Tutorials:3D Meshing Part I
|3D Meshing Part I|
3D Meshing Part I: Terms and Concepts
As a preface to the entire series, we will be illustrating basic concepts with MilkShape. While I am not "shilling" for the program: it works, it is cheap, and above all I know how to use it. There are many other 3D meshing programs available, some are free, some are very expensive and some are cheaper than MilkShape.
I am of the opinion that you get what you pay for. While free programs like Blender have a lot of features, ease-of-use is not one of the more outstanding qualities. On the high-end, programs like Maya and trueSpace have powerful features and are easy to use (not necessarily easy-to-learn), but their high cost places them in a category where only professionals and very determined hobbyists would consider purchasing them.
3D Meshing Part I: Terms and Concepts-Orientation
We will start with the concept of space. When we mesh, we build our mesh in something we call object space. In simple terms, we have a spot on the ground underneath our object and we measure from there up, forward or to the side to the parts we will make. The "spot on the ground" is called the origin.
So we start at the origin, and we want to be able to determine any location above or below, in front or in back of, or on one side or another of our origin. We do this by creating an axis, actually three of them (axes), labeled by convention as X, Y and Z. This is our coordinate system.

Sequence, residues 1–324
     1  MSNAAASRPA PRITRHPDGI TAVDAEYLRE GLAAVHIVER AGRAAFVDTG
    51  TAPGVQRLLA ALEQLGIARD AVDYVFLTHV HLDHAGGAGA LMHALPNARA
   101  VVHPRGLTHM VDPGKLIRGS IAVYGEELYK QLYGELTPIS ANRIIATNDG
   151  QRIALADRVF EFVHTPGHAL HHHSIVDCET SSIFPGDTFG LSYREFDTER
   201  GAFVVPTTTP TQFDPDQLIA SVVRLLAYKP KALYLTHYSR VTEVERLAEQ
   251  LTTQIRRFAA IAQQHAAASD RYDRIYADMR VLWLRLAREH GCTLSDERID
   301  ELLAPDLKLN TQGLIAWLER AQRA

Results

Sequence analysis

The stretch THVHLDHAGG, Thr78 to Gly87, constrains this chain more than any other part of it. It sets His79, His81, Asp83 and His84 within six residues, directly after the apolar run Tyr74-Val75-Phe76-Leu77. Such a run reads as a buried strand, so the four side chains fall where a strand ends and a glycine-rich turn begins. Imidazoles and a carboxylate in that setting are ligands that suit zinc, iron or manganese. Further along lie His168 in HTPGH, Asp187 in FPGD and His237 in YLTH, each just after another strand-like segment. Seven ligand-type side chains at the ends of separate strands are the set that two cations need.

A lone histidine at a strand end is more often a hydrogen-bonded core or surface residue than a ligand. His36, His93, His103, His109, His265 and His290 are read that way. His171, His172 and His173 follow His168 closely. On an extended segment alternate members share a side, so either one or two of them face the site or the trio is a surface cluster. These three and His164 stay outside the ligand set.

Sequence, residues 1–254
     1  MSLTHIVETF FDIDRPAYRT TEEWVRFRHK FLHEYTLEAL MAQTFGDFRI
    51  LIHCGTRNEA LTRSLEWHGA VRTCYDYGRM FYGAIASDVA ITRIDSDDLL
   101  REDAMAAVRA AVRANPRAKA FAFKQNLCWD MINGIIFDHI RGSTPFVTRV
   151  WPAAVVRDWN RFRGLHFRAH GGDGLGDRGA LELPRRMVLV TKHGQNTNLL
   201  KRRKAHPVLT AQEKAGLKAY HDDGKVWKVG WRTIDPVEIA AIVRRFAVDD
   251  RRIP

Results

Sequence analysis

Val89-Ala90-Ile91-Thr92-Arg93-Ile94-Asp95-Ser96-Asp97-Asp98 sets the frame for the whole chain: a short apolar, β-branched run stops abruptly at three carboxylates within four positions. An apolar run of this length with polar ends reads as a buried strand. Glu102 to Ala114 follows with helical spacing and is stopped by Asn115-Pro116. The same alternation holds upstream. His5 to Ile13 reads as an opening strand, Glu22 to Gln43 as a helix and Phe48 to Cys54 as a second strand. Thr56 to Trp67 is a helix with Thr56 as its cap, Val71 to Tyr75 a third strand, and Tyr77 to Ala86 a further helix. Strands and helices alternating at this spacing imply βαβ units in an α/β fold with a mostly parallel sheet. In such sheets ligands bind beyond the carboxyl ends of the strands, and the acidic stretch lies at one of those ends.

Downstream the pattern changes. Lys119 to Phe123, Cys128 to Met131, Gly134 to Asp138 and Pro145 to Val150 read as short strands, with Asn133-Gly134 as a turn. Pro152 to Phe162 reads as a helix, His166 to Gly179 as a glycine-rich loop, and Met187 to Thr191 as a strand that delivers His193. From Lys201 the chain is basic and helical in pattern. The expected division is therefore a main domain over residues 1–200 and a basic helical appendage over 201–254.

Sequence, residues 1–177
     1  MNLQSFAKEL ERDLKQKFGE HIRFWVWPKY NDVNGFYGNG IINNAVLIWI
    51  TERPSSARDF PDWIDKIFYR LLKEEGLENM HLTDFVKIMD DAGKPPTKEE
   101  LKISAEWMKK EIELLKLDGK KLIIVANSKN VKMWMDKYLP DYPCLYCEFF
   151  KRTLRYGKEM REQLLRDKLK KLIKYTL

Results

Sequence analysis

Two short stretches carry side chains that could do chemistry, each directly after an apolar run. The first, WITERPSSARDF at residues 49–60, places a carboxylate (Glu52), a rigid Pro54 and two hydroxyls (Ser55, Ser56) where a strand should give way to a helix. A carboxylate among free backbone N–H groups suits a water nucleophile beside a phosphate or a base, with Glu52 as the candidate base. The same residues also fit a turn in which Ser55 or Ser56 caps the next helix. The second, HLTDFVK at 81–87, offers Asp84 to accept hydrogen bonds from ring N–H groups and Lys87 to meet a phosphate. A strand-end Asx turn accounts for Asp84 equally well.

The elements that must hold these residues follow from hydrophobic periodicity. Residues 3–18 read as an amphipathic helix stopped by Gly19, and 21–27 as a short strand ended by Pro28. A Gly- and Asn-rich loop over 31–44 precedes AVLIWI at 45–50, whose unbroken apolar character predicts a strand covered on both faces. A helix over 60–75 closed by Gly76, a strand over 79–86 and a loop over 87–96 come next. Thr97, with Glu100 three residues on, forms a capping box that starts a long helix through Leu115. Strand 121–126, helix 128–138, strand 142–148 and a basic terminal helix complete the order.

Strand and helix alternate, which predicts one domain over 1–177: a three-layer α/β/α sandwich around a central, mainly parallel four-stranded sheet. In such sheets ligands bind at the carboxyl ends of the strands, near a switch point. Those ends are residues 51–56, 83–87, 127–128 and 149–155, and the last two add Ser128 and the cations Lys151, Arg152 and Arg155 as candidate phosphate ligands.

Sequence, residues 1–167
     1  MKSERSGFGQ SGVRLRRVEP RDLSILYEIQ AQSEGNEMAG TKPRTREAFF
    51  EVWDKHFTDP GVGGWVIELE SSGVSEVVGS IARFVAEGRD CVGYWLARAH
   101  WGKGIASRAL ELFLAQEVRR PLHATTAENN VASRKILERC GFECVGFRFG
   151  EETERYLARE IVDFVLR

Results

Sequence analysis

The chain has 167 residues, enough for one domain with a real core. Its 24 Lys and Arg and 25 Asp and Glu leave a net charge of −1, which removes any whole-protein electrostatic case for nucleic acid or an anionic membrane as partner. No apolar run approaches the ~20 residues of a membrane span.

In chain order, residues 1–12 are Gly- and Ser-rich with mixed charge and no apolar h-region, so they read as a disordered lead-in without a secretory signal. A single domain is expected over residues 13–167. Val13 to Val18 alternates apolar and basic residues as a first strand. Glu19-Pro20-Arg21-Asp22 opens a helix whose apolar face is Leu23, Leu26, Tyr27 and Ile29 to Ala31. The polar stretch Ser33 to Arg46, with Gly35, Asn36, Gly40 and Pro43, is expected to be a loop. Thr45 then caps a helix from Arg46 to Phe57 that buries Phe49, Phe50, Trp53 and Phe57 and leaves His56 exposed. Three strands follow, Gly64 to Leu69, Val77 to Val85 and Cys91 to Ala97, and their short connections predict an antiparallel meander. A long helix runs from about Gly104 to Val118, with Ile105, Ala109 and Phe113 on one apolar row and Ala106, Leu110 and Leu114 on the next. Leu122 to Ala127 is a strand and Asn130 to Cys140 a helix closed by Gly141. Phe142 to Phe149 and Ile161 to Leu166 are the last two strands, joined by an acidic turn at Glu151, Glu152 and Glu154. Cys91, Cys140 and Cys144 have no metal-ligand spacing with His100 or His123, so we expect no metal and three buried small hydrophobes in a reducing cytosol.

Which letter assigned to what direction is pretty important, and is the first point of confusion, because MilkShape and TS2 use different coordinate systems. The difference can be seen in the diagram to the right.
3D Meshing Part I: Terms and Concepts-Scale
I printed that diagram out, and used loops of scotch tape to paste it on the computer desk just above my monitor. You might consider doing the same.
In the previous picture, the axes were colored and started at the origin, and the arrows point in the direction of increasing measure. To go in the opposite direction on any axis, we use negative values.
So, by using three numbers, we can describe where a place in our mesh is, in relation to our origin. By convention we will order the three numbers as X, Y and Z. So our origin is 0, 0, 0. And the location 1, 2, 3 would be 1 left of, 2 in front of and 3 above the game origin. The same coordinates in MilkShape would mean 1 right, 2 up and 3 in front of the origin. This is an important distinction, you need to know what coordinate system is in use.
And speaking of 1 left, 2 front and 3 above, what units? Feet, miles, inches, what? Actually it does and doesn't matter. The scale can be changed, so values only need to make sense in relation to the origin. But because we don't want to have to rescale something every time we want to export it and use it in our game, we will standardize on the scale the game uses, which is one unit equals one meter.
Not all objects in the game are scaled perfectly, since it is a game, not an architectural model. There is some latitude for the artists to tweak objects to make things look better, but if you design people or objects using that scale, they will fit in the game. The tiles themselves are one meter on a side.
3D Meshing Part I: Terms and Concepts-Vertex
Now that we know which way is up, we can discuss the parts that make up a mesh. The first thing we will talk about is a point in 3D space. This point is like what you studied in geometry in the 9th grade or so, perhaps. It isn't meant to really be a thing, like a grain of sand or a speck of dust, it is just a place, infinitely small.
These point locations are used to define a vertex (plural vertices). The vertex is useless by itself, but we will use multiple ones to define the perimeter of a polygon.